Dodgeroof already mentioned that the one valley appears to terminate improperly, but it isn't possible to veryify from the angles you've shown. If that is the case, however, repair may not be easily achievable and may require redesigning the valley and roof in the worst case scenario.

The thrid scenario is that this isn't a roof problem at all, but a typical synthetic stucco condensation nightmare problem.

You can do your own research by Googling 'synthetic stucco lawsuits' or 'DryVit lawsuits' to find all the home disasters that exist in North America from this type fo siding.

Put simply, synthetic stucco has been the ruin of more homes in North America than any other product in the last quarter century.

What happens is that improperly installed synthetic stucco that is badly sealed itself leaks and/or traps gaseous water that then condenses with no where to go but down...Down into the framing system, drywall, ceilings, insulations...

And houses have been completely destroyed by faulty installation of this product.

If you have condensation or leakage problems from snythetic stucco, you could be in BIG trouble and your insurer may not cover any of your damages.

I'd like to beleive this is simple flashing problem, and until I can see additional evidence hope it is.

But it could be an design flaw in the roof system or worse yet bad synthetic stucco and without a hands on examination of the house, it won't be possible for me or anyone else to tell from here.

"MY" suggestion is to get an architect or emgineer that specializes in roofing problems to come by and properly diagnose the problem.

It could cost you $500-$1000 but would be well worth the investment and peace of mind.


06:43PM | 06/05/05
Member Since: 11/06/02
1280 lifetime posts
This is without a doubt a poor roof design to begin with. That is the primary reason for the original leak.

But it is nothing that could not be overcome with careful detailing in the installation. were I the roofer, there are things re the flashing and siding that would bee needing redone as part of the job if I were to be expected to do quality work and gaurantee it.

Unfortunately, there are far too many "roofers" who only care about how fast they can be done and gone and don't calculate for doing a harder one like this right.

I would recommend that you find a quality roofing company with integrity and have this section redone, including an underlay of ice and water shield, new flashings and siding replacement where needed.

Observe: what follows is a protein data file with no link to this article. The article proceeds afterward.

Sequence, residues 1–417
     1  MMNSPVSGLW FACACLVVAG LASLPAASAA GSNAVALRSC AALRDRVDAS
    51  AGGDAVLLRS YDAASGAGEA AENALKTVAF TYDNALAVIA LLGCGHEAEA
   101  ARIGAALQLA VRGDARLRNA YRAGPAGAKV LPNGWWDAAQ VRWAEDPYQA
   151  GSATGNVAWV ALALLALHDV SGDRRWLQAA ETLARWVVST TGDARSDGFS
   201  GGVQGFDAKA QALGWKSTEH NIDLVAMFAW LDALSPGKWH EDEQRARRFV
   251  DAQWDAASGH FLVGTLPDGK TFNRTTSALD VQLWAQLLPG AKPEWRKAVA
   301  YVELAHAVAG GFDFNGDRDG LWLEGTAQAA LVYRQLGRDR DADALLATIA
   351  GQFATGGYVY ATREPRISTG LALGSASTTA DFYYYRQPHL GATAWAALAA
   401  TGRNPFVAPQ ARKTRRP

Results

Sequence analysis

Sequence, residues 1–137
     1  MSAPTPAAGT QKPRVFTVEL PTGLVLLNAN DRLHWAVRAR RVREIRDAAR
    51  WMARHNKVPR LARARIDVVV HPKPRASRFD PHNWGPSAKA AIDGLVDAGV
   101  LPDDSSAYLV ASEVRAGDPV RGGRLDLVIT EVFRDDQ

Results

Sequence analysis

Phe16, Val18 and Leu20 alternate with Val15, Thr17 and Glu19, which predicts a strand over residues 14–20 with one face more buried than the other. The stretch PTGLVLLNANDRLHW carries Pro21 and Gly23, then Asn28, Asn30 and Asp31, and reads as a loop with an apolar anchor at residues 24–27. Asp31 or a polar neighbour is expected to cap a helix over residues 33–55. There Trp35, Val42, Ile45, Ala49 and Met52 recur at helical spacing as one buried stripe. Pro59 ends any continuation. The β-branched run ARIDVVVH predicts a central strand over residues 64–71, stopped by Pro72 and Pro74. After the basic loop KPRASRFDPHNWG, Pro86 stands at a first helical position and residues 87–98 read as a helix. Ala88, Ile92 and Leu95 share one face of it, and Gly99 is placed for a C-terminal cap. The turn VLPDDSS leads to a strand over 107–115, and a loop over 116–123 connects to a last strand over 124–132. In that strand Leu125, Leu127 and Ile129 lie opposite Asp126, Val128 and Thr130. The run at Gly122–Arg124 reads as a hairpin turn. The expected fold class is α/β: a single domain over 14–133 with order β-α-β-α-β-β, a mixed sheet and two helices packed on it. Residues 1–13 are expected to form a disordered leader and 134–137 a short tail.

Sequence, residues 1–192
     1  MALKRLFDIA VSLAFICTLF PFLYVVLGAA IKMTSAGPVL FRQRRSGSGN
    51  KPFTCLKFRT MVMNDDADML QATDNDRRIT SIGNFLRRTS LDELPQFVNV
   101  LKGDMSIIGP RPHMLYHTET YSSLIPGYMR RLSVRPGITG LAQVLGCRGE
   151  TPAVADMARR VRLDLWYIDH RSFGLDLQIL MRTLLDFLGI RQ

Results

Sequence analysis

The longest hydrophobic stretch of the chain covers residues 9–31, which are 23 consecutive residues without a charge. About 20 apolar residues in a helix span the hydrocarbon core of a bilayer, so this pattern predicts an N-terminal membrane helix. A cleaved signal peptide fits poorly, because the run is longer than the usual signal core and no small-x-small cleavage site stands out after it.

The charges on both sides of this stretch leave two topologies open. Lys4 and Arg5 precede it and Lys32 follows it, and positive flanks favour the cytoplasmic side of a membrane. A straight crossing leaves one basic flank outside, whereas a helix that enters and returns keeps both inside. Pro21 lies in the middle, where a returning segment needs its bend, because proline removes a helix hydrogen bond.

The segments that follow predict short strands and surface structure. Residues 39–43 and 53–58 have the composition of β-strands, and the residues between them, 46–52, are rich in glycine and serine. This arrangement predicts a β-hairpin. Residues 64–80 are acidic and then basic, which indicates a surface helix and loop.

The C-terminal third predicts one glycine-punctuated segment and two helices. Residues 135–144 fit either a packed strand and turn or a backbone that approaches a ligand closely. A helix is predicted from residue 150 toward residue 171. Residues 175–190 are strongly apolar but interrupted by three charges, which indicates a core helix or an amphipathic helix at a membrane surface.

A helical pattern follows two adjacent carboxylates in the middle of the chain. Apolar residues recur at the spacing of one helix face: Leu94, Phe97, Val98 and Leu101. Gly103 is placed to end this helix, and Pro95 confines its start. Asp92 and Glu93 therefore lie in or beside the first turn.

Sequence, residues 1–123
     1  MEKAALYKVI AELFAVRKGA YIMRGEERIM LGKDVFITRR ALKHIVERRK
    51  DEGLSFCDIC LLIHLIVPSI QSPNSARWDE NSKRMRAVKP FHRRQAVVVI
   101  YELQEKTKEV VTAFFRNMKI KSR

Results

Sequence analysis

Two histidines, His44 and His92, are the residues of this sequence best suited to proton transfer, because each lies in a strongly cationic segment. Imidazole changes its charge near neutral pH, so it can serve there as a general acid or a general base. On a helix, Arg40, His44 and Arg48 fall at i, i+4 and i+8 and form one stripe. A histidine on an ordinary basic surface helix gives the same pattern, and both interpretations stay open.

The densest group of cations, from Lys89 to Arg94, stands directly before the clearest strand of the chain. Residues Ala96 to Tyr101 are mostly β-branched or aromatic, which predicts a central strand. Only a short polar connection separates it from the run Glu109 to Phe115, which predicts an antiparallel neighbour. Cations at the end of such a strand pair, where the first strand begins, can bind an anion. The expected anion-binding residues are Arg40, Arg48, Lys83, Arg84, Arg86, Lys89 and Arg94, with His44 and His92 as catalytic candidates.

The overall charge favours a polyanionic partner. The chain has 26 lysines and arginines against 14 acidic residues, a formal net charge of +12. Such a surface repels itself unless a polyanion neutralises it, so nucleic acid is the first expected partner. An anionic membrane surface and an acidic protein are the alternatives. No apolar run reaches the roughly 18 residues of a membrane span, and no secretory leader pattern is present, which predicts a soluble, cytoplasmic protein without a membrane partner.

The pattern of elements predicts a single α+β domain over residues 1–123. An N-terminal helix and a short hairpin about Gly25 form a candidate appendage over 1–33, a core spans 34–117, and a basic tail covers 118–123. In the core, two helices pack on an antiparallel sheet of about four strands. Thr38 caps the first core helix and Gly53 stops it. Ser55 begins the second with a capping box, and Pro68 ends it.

Excellence is its own reward!


03:34AM | 06/06/05
Member Since: 03/27/05
95 lifetime posts
Looked at your photos again....but without seeing the exact area, not just an upward looking view, I can't pinpoint anything. But even if I was THERE, looking at it, It might be the case where I was sure it was leaking due to the flashing work...but not be able to specifically pinpoint it. I would normally just figure what I'd need to charge in order to permnanently fix this leak, including total removal as needed of all adjacent areas, then there's no question it would be fixed. I tell you this NOT because I can travel hundreds of miles to repair something, but that you need to locate a roofer who specializes in fixing leaks. I've found over the years that most roofers do not mess with roof repairs beyond slinging a bit of goop here or there. We've long ago gotten into actually dismantling the problem areas, then re doing them. It's a different mindset than simply banging out one roof after the other.

So I'd recommend you start the tedious process of calling all the roofers you can, and questioning them about they do them? HOW do they approach a needed repair? Can they guarantee the repair?

One last thing is that if the proper metal flashings, of sufficient width..length...etc. are not already installed behind the stucco, there is a way a permanent repair could be done using counter flashings installed directly to the face of the stucco. These would take the place of what the stucco is supposed to do, that is run over the flashings. The top edge of the counter flashing has a "trough" which holds caulking as the final seal. Around here, counter flashings installed onto the exterior of brick, wood, and stucco walls are common. They work fine, although the caulking might become a maintenance issue years down the road. The counter flashings are typically painted. They are seen....but don't really look bad at my opinion. But, it's an alternative to having to tear oput a portion of the stucco

in order to install correct/sufficient flashings.

The real key to fixing your leak, after the area is removed, is in a redundant "system".

That is, after removal of roof materials from the gutter area...running up to the corner....around the backside going up to the would be a good idea to install an "ice$water" membrane prior to any flashings and shingles. Make this water-tight to begin with...then as the areas are put back together,

the use of extra-wide or over-sized flashings add a further protection from water migration....and of course carefull fabrication of the flashing corners {another common problem area}. It's really just about good workmanship.

So, when looking for a good roofer, think "craftsman"...because that's really what you need.

A roof CAN be your friend
Click to reply button Inspiration banner


Post a reply as Anonymous

Photo must be in JPG, GIF or PNG format and less than 5MB.

Reply choose button


Post new button or Login button

Follow banner a
Newsletter icon Flipboard glossy Facebook Twitter Pinterest Youtube Rss icon